The report by the Ministerial Salary Review Committee is out, and there is actually quite a substantial bit of adjustments proposed. Balancing the principles and objectives of ministerial salary is not easy. The salary have to perform multiple roles that often may not necessarily be reconcilable. It first have to be high enough to attract the necessary talent; it should have a fixed component to satisfy basic needs and variable component to incentivize efforts that would translate into effective policies that improves the lives of the people; finally, it has to satisfy the scrutiny of the voters (ie. it must not be obscenely high by the judgment of the public).
Well, looking at the data on growth of GDP in Singapore, it is unlikely that the introduction of pegging ministerial pay to the private sector had any impact on performance of the economy though one could employ counterfactuals and suggest that we could have done worst without it. There comes a layer of complexity when we ask ourselves whether the motivation of these politicians/technocrats lies in serving the nation or earning a fat paycheck. There is no hard and fast rule about salary guidelines to prevent corruption of those in power though we do have management theorist who suggests that as long as we pay enough to get the issue of money off the table, workers would be able to concentrate on doing their job well. Perhaps the fact that people are in politics is supposed to shed light on alternative motivations?
A potential solution we should explore is for the ministers to bid their positions by making a wage offer to the public and providing their full personal histories and work experience details for the public to screen. The public could vote for the ministers; the top 5 voted candidates will be considered but the minister will be selected based on their salary bids. The lowest bidding candidate will be the minister, but his actual pay will be the higher of, either a 10% discount on the second lowest bid in the top 5, or his own bid. Given the intelligence of the candidates politics should draw forth, such a complex system should be able to attract only the brightest and best while allowing them to take a salary that they (and the public have ‘agreed’).
That is, of course, a joke. But the spirit of the mechanism is that we want the candidates to bare their motivations to the public and force them to give us a picture of what drives them. Then we’ll decide if it’s worth it to pay them that offer rate, based on their qualifications and the position in question. This also allows ministers taking on more difficult portfolios to receive a higher pay. Cabinet reshufflings will also be implicitly ‘approved’ by the public in this way. Best of all, opposition MPs are allowed to put themselves up for ministerial positions and the result would have taken into account public scrutiny of their qualifications, the salary they are going to be paid and also their personal incentives to take on the job – they gave the salary bid themselves so no reason they are going to say, now that’s not enough for me.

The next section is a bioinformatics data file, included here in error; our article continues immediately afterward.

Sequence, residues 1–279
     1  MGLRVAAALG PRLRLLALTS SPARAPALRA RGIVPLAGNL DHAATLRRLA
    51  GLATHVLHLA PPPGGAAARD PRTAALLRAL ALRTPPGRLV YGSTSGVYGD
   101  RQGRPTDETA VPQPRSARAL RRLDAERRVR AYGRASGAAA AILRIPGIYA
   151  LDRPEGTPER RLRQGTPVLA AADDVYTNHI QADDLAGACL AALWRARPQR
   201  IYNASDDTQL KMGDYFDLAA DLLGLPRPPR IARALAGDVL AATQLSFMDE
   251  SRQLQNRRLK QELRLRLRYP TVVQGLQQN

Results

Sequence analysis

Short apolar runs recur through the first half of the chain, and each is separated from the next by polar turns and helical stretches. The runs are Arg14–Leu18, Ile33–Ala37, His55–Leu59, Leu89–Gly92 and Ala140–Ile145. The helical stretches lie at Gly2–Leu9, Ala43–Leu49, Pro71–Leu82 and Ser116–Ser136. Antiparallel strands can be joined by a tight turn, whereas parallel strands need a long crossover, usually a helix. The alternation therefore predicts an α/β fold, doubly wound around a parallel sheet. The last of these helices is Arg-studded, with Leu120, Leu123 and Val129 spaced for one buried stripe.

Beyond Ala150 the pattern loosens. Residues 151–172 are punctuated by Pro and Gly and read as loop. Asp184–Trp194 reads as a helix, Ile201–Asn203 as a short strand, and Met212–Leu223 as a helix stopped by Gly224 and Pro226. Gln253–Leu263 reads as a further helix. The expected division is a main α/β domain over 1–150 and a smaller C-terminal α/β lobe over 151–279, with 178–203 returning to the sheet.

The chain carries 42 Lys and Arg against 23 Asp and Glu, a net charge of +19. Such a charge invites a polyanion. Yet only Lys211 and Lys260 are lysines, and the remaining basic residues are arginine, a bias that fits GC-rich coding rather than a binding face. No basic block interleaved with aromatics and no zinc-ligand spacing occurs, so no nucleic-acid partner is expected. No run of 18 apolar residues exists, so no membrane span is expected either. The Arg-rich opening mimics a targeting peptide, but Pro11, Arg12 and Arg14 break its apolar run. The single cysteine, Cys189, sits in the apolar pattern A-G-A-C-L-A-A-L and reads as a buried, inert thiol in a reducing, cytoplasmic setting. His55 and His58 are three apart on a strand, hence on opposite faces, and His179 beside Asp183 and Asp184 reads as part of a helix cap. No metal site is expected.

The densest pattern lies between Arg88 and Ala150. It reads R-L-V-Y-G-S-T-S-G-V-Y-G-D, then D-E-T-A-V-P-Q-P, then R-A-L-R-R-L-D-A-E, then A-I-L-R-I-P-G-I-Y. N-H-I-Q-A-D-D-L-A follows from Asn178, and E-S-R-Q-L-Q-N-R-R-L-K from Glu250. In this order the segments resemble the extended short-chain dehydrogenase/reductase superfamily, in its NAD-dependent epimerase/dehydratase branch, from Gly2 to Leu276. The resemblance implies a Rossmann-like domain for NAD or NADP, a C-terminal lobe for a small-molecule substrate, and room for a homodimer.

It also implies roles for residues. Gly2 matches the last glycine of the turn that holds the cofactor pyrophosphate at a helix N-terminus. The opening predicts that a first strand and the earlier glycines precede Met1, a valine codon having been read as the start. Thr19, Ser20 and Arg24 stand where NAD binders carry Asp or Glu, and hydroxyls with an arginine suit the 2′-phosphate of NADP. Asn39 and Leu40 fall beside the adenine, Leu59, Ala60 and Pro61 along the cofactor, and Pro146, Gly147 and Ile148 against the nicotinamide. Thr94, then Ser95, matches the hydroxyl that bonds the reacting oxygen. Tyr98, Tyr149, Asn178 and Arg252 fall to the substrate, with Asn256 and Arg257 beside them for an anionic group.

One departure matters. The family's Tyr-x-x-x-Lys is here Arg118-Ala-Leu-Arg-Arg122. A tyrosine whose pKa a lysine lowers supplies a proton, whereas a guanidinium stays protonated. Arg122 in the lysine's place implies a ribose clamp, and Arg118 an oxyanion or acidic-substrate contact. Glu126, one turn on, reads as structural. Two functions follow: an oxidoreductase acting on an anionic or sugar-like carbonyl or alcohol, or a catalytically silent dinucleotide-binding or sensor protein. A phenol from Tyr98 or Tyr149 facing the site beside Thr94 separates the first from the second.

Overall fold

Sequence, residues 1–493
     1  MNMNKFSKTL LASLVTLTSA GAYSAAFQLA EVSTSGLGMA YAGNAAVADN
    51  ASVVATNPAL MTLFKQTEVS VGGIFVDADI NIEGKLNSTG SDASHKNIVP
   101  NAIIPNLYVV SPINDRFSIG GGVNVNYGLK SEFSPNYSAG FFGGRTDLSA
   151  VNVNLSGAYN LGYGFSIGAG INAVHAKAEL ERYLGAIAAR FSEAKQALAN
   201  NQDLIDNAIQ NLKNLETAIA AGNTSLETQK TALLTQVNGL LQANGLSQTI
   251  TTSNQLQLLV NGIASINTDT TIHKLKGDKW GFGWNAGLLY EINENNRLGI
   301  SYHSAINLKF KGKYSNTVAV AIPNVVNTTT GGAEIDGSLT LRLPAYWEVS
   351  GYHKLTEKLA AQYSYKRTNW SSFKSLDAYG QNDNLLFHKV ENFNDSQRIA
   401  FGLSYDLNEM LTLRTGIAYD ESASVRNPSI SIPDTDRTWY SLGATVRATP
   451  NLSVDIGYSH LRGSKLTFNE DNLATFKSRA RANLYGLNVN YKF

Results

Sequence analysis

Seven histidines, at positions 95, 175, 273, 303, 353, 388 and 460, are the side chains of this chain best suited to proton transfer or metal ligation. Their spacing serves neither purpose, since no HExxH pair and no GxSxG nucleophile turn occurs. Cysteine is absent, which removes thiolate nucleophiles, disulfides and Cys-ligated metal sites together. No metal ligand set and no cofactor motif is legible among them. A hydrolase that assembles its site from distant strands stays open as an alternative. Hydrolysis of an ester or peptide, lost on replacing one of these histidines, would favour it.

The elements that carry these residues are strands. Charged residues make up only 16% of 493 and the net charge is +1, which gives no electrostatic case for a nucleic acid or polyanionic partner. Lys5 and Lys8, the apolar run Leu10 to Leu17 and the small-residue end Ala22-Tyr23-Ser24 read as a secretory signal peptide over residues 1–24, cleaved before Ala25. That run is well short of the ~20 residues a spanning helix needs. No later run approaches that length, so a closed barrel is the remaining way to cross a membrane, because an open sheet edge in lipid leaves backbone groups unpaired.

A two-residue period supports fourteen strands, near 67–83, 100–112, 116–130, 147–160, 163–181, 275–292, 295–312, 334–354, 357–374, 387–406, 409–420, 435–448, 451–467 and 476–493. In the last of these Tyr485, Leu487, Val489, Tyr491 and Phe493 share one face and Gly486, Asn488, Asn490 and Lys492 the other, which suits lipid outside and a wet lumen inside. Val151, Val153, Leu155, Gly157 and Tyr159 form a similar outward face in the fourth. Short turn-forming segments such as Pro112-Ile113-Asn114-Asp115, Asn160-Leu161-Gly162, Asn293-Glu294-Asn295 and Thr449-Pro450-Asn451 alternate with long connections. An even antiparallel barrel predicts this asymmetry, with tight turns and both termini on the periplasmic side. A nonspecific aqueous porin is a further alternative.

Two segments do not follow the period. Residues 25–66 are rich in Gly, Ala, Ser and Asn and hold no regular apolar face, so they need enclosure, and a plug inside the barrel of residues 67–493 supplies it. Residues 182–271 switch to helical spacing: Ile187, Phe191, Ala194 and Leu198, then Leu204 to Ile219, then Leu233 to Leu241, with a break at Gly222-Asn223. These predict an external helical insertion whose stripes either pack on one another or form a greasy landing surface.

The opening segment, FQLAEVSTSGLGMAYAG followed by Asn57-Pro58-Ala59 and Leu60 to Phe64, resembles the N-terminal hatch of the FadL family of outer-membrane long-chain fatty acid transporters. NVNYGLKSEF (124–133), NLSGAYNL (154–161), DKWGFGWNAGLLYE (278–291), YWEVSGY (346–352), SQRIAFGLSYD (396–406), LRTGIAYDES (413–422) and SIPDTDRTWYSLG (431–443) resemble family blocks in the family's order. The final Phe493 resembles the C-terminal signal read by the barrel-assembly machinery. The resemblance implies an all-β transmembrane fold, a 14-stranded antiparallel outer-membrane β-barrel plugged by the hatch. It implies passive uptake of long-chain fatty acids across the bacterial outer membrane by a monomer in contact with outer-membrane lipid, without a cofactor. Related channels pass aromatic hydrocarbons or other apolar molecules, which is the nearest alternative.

Knowing the incentives of our political leaders are important. Soon after the news about the salary review recommendations were out, Grace Fu’s facebook page status was:
“When I made the decision to join politics in 2006, pay was not a key factor. Loss of privacy, public scrutiny on myself and my family and loss of personal time were. The disruption to my career was also an important consideration. I had some ground to believe that my family would not suffer a drastic change in the standard of living even though I experienced a drop in my income. So it is with this recent pay cut. If the balance is tilted further in the future, it will make it harder for any one considering political office.”
It drew forth loads of comments. It reflects how little we know about the true motivations and incentives of our politicians or how unconcerned we are. I think Grace is being really frank and objective here; we should empathize with her position. It is something very human to say and we really shouldn’t think of our leaders as heroes who can make all the sacrifices in the world to lead our country. The whole pay issue is a tricky one, but we need to work towards making it less thorny.
Perhaps in a Singapore where our expectations for the future prospects of the country is not so dependent on the government; and that all the institutions are merely support and guiding structures for the private sector to take the lead, then we could relieve our leaders’ workload while simultaneously relieving the taxpayers’ burden of financing our leaders’ salary. And perhaps we should work towards that; and for our government to prevent a crisis where we fail to balance between the 3 principles of the minister pay I’ve defined earlier, we probably have to transit our political system to one that takes more of a backseat in determining the future of our nation.